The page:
I would like to give credit where credit is due. Videos are from YouTube and other sources such as NicoNico while Oricon rankings and other information are translated from the Japanese Wikipedia unless noted.

Friday, October 8, 2021

Rabi Nakayama -- Komatta Onna(困った女)


I've been meaning to get a Rabi Nakayama(中山ラビ)song up here for some time but I never got around to it until today. And now, my first article on this Tokyo singer-songwriter has taken on some poignancy on finding out from her J-Wiki profile that Nakayama had passed away on July 4th this year.

Born Hitomi Miyamoto(宮本ひとみ)in 1948, some of her early musical experiences included going to see The Beatles in concert in Tokyo in 1966 and then hearing the songs of Bob Dylan in her high school English class. In 1968, she then became so inspired by new folk singer Nobuyoshi Okabayashi(岡林信康), who was called "the Bob Dylan of Japan", along with other artists of the genre that she decided to take up the guitar and perform live, eventually performing mainly in the Kansai region. During that time, she performed covers of Dylan's "Blowin' In The Wind", "The House of the Rising Sun" by The Animals, and Sachiko Nishida's(西田佐知子)"Coffee Rumba"(コーヒー・ルンバ). She would then make her major debut through Polydor in December 1972 with the album "Watashi'tte Konna"(私ってこんな...This is Who I Am).

Her live house performances of Bob Dylan songs which had been translated by poet Yo Nakayama(中山容) got Miyamoto to take on the stage name of Nakayama although I still don't know why she went with the first name of Rabi. Also, these performances ended up in having her being called "the female Bob Dylan".

Several albums and singles were released by October 1980 when Nakayama released the single "Komatta Onna" (Woman In Trouble) and the accompanying album "Aeba Saiko"(会えば最高...It'd Be Great If We Met). Now, when I first heard her songs via New J Channel and some of the videos posted on YouTube, I'd thought that she was always in the City Pop realm before realizing her folk roots, but I wasn't too surprised since I've known a number of Japanese folk singers who made the jump to the urban contemporary for at least a while.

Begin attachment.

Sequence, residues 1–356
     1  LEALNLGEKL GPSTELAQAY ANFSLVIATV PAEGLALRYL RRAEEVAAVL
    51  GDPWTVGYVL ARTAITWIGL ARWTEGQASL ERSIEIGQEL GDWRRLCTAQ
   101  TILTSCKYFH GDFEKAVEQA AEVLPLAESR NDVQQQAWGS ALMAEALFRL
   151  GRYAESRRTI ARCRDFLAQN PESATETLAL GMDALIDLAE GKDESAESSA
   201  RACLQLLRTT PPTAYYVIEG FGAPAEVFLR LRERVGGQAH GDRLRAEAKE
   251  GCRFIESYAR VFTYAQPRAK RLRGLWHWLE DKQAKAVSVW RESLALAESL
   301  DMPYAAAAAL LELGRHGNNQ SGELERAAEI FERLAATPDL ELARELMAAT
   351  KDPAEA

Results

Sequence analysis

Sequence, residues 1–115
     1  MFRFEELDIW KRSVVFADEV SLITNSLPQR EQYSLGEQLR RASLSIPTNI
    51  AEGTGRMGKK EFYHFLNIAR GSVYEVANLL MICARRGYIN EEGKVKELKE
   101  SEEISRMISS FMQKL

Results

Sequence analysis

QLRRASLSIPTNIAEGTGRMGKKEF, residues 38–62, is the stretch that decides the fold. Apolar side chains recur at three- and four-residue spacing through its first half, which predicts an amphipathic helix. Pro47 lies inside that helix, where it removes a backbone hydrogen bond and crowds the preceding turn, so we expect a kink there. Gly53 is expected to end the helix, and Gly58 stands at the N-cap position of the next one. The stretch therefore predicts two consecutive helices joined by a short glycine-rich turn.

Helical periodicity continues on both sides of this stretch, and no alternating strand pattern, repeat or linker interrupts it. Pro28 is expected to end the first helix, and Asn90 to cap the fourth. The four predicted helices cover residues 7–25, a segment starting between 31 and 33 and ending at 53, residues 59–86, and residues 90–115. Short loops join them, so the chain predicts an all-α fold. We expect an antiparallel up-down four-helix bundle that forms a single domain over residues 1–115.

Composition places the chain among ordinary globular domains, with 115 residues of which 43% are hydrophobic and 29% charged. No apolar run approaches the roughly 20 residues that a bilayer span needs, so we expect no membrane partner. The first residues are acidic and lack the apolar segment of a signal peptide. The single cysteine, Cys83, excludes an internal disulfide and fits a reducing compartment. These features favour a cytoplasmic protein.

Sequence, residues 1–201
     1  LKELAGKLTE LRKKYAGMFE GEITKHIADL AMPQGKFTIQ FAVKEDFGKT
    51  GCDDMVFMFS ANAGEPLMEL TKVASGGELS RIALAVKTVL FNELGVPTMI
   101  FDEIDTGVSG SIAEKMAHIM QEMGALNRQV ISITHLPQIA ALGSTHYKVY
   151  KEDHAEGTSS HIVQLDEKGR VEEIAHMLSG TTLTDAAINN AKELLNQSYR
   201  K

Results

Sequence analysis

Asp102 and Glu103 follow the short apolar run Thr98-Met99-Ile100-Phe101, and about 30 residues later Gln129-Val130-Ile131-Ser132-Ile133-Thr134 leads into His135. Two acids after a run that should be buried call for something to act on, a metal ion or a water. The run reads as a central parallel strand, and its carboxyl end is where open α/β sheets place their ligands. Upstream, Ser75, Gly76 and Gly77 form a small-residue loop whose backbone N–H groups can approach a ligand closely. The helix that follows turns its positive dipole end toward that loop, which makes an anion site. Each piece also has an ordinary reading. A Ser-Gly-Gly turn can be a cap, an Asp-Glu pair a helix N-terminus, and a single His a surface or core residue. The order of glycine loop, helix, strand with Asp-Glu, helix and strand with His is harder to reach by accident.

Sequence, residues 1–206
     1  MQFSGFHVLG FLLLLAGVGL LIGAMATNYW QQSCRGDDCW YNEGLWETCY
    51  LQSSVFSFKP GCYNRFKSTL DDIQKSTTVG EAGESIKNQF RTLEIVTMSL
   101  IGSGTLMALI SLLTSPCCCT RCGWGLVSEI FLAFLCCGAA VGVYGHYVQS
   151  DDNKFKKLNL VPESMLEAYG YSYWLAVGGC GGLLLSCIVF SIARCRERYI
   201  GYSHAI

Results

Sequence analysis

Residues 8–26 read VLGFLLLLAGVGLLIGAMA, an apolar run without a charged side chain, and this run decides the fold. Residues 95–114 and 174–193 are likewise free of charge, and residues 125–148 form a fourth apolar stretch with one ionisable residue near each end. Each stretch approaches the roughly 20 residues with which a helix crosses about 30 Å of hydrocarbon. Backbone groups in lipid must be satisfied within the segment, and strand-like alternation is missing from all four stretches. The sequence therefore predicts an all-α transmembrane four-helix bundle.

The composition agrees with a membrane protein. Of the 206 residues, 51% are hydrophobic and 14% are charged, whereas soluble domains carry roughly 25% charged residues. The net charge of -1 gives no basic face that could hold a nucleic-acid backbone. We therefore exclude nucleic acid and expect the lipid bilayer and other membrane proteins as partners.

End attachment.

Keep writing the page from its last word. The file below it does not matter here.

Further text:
With "Komatta Onna", though, I'm not so sure that this is so much City Pop than it is a New Music tune spiced a bit with some urban contemporary flakes. It is quite the catchy shuffle with the big drum beats and the electric piano dance following Nakayama's folksy and slightly growly vocals. Rabi sings her creation about a woman who realizes that she's wasting her life on man after man but can't shake the habit. There's also something with the vocoder-like instrument that hints at Billy Joel's "The Stranger".

Nakayama stopped performing and recording in 1987 but returned to the music business a decade later after the source of her music career, Yo Nakayama, passed away in March 1997. She continued to perform and record live albums until 2020 when she was diagnosed with cancer and then mycosis the following year after which she passed away at the age of 72. Her real name was only made public after her death.

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